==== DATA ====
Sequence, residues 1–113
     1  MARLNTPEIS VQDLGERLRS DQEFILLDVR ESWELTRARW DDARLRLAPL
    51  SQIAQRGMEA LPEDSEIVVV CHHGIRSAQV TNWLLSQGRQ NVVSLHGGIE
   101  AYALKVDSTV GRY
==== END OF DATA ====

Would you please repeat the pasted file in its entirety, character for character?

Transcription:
Sequence, residues 1–113
     1  MARLNTPEIS VQDLGERLRS DQEFILLDVR ESWELTRARW DDARLRLAPL
    51  SQIAQRGMEA LPEDSEIVVV CHHGIRSAQV TNWLLSQGRQ NVVSLHGGIE
   101  AYALKVDSTV GRY